The world of Poetry is like the world of Jazz. There are multiple layers of nuanced existentialisms, familiar phrases, essentialist expressions and traditions within mores and cultural pros and cons. There are also parallel universes or multi-verses, literal meanings and metaphoric imagery. The sole purpose is inter-personal and even inter-species communication.
The world of live or Spoken Word poetry can be as distinctive from the literary types or forms as east is to west. While it has become widely acceptable that most of the rules that kept Victorian and other archaic poetic sensibilities in check have been thrown out of the perpetually metamorphosing train of modernity, there is still a reverent romantic appeal to a perfectly composed poesy.
Poetry Potion: On Being Human – as a singular publication cuts through all the narratives and lends itself to all kinds of poetic graces. In fact after reading every poem in the ‘On Being Human’ edition, I was not only impressed by the near perfect creative articulations of rhythm, swing, improvisations, spontaneous combustion, seething wrath, cynical and righteous indignation, mesmeric joy and even sheer exhilaration in the voices and turns of phrase. The Poets featured in this issue have somehow distilled the whole human experience with their chorus of a pleading, celebrating, wise, humane, unashamedly vulnerable and almost sublime humanity.
I liken the poetic scenery to jazz simply due to the fact that, like jazz, poetry is almost impossible to categorize, correct or even definitively describe. A piano solo by Kyle Shepherd or Taiwa Molelekwa or Abdullah Ibrahim may contain interpolations of a Thelonius Monk melody or a bass-line from Sipho Gumede may conjure up the funky rock experimentation of Flea from the Red Hot Chilli Peppers or an eclectic alternative group like Radiohead – it is all up to the listening ear and the attentive soul to receive and decide how it moves one. Similarly, Poetry Potion inspired thoughts in me that I could not describe appropriately in any other way but through making more poetry, listening, feeling, being receptive and ultimately simply being more human. The poems are a reminder of this.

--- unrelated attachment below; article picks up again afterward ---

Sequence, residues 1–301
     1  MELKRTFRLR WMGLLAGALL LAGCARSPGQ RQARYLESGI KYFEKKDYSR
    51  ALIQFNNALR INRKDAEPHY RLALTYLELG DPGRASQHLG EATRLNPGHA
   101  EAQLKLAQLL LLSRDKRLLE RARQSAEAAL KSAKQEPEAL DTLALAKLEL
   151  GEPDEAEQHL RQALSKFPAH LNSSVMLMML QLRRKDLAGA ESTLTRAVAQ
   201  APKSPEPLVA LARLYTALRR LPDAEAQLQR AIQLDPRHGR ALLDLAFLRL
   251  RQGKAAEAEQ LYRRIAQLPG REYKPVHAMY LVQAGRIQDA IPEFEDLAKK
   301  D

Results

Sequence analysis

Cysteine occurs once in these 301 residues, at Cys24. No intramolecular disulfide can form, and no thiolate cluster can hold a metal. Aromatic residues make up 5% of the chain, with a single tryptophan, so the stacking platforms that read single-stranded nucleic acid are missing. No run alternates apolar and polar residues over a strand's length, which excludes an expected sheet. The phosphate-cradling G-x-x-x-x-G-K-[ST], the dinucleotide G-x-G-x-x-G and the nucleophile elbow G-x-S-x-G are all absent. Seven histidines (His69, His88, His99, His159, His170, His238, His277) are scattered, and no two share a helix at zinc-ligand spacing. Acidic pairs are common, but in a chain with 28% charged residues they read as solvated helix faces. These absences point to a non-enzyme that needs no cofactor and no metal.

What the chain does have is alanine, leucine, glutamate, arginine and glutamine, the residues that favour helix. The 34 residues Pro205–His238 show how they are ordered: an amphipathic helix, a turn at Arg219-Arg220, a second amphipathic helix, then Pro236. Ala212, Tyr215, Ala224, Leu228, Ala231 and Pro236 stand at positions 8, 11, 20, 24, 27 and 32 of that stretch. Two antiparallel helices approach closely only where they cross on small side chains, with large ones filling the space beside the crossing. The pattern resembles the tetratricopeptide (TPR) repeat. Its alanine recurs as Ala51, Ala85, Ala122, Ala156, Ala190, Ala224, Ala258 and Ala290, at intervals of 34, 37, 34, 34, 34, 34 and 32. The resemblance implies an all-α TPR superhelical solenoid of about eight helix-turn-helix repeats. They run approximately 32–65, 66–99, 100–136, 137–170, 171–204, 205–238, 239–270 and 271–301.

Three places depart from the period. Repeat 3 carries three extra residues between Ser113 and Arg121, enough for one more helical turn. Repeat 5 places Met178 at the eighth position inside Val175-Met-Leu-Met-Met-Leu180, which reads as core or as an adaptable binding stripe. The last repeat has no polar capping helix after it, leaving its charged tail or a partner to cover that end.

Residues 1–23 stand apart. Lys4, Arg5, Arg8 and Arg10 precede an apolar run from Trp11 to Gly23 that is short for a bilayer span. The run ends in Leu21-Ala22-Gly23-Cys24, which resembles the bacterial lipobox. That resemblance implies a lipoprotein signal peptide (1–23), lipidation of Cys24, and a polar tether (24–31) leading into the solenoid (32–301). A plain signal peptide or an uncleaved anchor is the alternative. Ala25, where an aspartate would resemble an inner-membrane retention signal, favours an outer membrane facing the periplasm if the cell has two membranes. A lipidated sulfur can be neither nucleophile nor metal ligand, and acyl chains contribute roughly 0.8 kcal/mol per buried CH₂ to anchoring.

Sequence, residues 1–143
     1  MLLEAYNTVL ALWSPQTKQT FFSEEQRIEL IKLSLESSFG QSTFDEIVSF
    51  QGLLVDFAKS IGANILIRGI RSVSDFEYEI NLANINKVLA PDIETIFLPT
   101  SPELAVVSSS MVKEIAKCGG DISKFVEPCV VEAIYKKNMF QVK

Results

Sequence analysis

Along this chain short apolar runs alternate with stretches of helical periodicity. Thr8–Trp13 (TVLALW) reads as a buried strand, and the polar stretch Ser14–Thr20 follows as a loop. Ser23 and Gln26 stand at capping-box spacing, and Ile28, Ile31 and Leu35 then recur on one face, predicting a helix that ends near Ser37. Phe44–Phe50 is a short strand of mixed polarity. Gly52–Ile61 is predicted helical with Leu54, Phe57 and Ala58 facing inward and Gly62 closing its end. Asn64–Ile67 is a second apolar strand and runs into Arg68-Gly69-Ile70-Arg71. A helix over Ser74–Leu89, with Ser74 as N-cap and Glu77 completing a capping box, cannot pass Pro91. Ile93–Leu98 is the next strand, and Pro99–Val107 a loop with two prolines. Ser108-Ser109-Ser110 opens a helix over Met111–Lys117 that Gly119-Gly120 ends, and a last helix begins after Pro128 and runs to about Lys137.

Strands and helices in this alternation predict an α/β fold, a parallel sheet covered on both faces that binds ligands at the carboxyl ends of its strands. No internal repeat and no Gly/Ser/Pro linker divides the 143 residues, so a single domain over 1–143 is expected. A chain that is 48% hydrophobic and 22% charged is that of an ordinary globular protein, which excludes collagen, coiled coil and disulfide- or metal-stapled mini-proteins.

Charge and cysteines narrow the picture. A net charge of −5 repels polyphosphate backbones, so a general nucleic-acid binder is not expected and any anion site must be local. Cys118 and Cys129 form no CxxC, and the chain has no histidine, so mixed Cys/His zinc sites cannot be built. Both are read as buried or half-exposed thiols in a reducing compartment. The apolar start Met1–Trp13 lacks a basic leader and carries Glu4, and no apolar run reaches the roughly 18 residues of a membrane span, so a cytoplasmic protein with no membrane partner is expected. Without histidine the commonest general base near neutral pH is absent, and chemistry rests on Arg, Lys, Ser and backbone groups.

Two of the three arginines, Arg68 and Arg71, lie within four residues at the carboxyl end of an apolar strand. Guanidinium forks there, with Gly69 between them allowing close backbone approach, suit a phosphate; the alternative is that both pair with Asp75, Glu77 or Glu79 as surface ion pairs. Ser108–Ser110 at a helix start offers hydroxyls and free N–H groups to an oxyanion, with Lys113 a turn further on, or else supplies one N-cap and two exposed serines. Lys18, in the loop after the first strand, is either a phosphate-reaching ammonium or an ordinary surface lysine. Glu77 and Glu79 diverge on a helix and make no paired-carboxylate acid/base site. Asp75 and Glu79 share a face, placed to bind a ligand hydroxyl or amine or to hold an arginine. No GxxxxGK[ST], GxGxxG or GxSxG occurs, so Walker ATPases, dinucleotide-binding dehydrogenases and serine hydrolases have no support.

As it is mentioned in the Editorial piece, this particular publication was inspired by South Africa’s Human Right’s Day, also known as Sharpeville Day which falls on the 21st of March. It is a day of national remembrance of the lives lost to a murderous apartheid regime, where in 1960; the dreadfully inhuman RSA state killed 69 people who had been protesting against the pass laws. This means that these human beings, who had gathered in unprecedented numbers, had finally grown tired of being hemmed-in and treated as subhuman in their native land. They paid with their lives in order for us to be truly human. The poetry is like a message in the music, reminding us that the struggle continues, both internally and externally.
I feel it is necessary to re-mention what Zamantungwa; the editor of this issue has quoted of Potlano Leballo who said:
“We believe in one race only – the human race to which we belong. The history of the human race is a long history of struggle against restrictions, physical, mental and spiritual. We would have betrayed the human race if we had not done our share.”
There is so much that can be unpacked from the above statement, so much we can all learn from in order to be reminded of the value of Being Free and Being Human; but it is apt to allow the poetry to speak for itself. Here is an excerpt from one of the many talented contributors:
“The insides of my eyelids, an indigo blemished window …
when eyes are closed,
My thoughts are a cluster of tourists seeking
From pillar to post
To find the source of my innermost jitters that rose
From intangible scars, lessons that haunt me like Ghosts
With smiles bright enough to cast shadows
And clouds my judgment during light conversations that expose
my fragile side … I’m brittle at times.” (P. 26 – A Way of Being by Lucas Serei “Pilgrim”)
And as if that was not incisive and emotive enough, in a piece called Friday, Sihle Ntuli sings the weary blues:
“Living life like it’s golden is expensive it costs a lot to be virtuous
And true in the midst of the inauthentic. The radio dictates life
by hits and down the people go dancing on the floor and bleeding
lies and frothing out “game”. Hysteria the more the merrier the
masses touched by 808’s and the incomprehensible lyric.” (P.37)
And finally, since this is not just a book filled with soul rendering poetry, in the Q&A /up& coming section on page 42, Mapule Mohulatsi says:
“Experience inspires my poetry, experience to me is the highest form of education, not only my experience but the experiences of those around me …Pan-Africanism, social constructs, and socialization mostly.”
How much more can one ask for, this is a book that appears deceptively small and rather thin but it is actually a treasure trove of potions which act as balms for our often dehumanised souls. Get yours at http//bookloversmarket.net !!!
Menzi Maseko is a Durban-based writer, translator and agitator. He works with Slam Poetry Operation Team, an Arts organisation that organises Slam Poetry events, Stage Performance and Writing Workshops. He blogs at www.litmusic-zwakala.blogspot.com